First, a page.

The mayor hopes that the new ice rink will make the village a place of destination

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The Village of Caldwell kicked off an unforgettable Christmas last month with the unveiling of a new ice rink.

Mayor Misty Wells believes the addition of the ice rink, along with the Victorian village of Dicken and courthouse light show, will draw visitors to the area.

“We’ve had so much interest from all over. I foresee a huge increase in tourism,” Wells said. “We have been criticized,” she said, adding that they had recently had families from Newark, Canton and even Parkersburg in West Virginia.

The ice rink, which was built in a matter of days, was purchased from All Year Galaxy Sports, owned by former Ukrainian figure skater Vadim Slivchenko, who was on site for construction and skated during the inauguration.

Caldwell Mayor Misty Wells shows assistive devices used to help beginner skaters maintain their balance on the ice at the village's new rink.

The rink cost about $ 140,000 and was paid for by $ 100,000 in capital project funds and by the village and Noble County commissioners, according to Wells. The village will have to maintain the ice rink for 15 years.

The outdoor rink uses synthetic ice, which does not melt, and can be used year-round.

“We don’t have a lot of extra costs. We clean it out once a month and put oil on it, but it doesn’t have to be done very often,” Wells said. “It’s about helping kids develop other interests and giving them something else to do.”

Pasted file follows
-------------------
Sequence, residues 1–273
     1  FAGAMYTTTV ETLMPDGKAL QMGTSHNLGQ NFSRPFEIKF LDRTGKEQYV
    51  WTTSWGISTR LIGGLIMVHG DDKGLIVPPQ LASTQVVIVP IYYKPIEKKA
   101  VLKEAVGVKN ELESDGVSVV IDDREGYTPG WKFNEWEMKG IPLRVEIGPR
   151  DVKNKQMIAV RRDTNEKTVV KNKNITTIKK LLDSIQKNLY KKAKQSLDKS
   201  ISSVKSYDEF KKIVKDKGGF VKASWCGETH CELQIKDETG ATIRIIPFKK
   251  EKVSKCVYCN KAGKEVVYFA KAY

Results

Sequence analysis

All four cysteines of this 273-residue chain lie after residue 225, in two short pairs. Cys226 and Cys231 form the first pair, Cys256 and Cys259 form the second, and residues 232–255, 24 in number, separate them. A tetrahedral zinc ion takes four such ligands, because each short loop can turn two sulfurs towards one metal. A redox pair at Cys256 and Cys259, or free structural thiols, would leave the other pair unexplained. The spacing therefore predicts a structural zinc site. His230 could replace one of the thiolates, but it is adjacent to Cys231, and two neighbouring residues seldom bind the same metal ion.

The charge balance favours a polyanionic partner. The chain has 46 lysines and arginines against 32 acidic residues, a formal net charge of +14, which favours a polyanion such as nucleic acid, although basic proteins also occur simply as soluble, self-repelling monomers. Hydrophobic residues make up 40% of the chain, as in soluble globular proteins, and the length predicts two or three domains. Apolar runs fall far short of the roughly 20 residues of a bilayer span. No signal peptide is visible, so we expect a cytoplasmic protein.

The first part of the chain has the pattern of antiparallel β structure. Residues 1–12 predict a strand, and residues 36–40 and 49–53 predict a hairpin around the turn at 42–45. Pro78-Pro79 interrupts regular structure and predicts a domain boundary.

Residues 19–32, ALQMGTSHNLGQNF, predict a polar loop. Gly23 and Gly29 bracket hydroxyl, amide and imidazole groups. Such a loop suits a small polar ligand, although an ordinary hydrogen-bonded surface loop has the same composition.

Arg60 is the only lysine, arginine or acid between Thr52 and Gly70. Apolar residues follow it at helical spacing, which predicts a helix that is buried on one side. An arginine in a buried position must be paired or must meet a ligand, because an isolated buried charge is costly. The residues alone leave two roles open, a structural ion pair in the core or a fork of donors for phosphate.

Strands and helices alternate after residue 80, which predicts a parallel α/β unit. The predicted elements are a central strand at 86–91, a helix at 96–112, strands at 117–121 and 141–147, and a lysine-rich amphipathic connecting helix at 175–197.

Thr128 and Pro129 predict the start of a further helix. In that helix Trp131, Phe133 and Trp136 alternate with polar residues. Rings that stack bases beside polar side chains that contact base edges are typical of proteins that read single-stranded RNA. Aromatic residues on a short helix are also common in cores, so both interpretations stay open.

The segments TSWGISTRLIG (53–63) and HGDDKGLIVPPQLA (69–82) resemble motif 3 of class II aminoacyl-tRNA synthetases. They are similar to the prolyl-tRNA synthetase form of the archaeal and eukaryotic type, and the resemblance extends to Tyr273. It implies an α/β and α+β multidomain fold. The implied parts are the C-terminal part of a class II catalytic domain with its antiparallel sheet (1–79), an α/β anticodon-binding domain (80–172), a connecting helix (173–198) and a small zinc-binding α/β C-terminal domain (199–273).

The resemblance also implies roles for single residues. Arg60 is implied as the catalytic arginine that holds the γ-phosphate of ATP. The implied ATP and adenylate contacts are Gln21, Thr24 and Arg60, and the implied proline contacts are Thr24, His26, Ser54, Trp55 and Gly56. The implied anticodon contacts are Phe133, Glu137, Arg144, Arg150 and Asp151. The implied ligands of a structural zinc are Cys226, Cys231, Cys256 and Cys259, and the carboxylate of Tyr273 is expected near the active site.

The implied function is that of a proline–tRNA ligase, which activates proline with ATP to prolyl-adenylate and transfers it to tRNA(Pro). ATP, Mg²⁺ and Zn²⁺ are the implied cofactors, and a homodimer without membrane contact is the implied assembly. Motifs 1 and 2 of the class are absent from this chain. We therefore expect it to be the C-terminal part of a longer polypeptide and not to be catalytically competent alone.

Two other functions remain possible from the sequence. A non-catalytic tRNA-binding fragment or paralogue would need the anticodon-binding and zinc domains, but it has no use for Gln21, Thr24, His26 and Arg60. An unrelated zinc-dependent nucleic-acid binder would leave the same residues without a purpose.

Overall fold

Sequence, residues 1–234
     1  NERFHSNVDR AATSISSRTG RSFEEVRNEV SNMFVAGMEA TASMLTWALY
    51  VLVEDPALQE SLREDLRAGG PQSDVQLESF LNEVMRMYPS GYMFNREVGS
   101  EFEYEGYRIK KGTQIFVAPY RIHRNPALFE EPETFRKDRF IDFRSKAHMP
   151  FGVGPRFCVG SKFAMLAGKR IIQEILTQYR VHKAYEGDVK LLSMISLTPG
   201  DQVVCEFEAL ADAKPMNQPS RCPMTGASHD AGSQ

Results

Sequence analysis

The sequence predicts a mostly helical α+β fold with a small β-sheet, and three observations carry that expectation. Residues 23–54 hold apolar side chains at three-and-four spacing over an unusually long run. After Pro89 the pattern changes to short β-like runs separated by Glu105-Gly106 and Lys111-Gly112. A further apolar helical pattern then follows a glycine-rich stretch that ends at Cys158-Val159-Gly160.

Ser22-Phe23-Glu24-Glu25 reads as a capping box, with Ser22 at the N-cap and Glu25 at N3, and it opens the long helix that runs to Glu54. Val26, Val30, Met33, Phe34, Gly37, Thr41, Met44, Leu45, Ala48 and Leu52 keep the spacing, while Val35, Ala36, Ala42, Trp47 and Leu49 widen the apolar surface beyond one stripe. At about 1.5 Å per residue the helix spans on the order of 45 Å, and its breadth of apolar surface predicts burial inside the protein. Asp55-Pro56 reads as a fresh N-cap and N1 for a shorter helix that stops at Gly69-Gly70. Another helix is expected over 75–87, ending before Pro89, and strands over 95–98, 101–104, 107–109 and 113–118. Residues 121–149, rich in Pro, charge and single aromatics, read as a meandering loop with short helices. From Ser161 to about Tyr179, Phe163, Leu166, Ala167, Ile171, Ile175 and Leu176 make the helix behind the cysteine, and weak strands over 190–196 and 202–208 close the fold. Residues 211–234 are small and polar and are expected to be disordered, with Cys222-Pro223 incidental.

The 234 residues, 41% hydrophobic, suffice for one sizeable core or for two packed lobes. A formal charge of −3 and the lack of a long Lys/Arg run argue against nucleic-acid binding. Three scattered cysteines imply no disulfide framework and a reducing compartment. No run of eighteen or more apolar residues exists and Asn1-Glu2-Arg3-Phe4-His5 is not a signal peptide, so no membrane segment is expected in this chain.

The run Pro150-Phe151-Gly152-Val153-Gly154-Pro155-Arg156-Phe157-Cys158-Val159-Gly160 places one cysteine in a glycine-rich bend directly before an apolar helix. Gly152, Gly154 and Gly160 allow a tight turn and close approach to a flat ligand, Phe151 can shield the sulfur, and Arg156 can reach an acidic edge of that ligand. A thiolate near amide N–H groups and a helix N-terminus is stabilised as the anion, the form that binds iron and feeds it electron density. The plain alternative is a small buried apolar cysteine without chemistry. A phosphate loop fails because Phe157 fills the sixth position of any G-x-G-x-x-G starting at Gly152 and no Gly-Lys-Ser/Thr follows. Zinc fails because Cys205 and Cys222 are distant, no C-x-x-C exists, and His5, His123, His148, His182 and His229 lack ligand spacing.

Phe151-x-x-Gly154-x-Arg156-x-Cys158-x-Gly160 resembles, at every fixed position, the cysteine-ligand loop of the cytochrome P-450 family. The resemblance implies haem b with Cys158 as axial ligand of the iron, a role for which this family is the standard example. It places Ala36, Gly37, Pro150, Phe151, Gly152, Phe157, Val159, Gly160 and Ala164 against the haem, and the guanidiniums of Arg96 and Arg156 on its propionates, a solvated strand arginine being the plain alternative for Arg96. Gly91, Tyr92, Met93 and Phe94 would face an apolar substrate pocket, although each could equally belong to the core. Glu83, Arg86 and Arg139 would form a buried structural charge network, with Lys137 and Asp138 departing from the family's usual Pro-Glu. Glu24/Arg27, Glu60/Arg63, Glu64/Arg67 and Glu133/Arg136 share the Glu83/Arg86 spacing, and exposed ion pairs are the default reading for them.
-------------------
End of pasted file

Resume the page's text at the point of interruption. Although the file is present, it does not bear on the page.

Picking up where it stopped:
The rink can hold about 50 to 60 people at a time.

There are also outdoor heaters, swings, picnic tables, and bleachers for those who just want to watch. There are plans to add fire pits around the rink, according to Wells.

Plastic guides, made by a village employee, are available for beginners to avoid falls. “Ice skating is not that big here so everyone is learning,” added Wells.

As the ice is synthetic, figure skates cannot be used on the rink as the spikes will damage the mat. Hockey skates, which the village offers for rent, can be used.

There is no fixed rental fee and skates are available for donation.

“We just want enough to harvest enough to pay for the wheels that grind the skates,” Wells said. The wheels cost $ 50 and only make 100 sets of skates, ”Wells said.

If the skaters have their own skates, use of the rink is free.

Skate rentals are available from 5 p.m. to 9 p.m. Thursday through Sunday. Hot chocolate and a food truck will also be available during these hours.

Wells noted that the synthetic ice, which is laid in panels, can be salvaged as there is concrete underneath and they could potentially use the area for roller skating or a basketball court.

“We talked about doing a quality of life project every year, so we could at one point talk about adding an ice rink,” Wells said.

Wells said the kids were already talking about wanting to play hockey and some men wanted to form a hockey league on Thursday nights.

“These are just ideas that people have come up with,” Wells said. “We’re not going to be leading it all, but we are supporting what interests people.”



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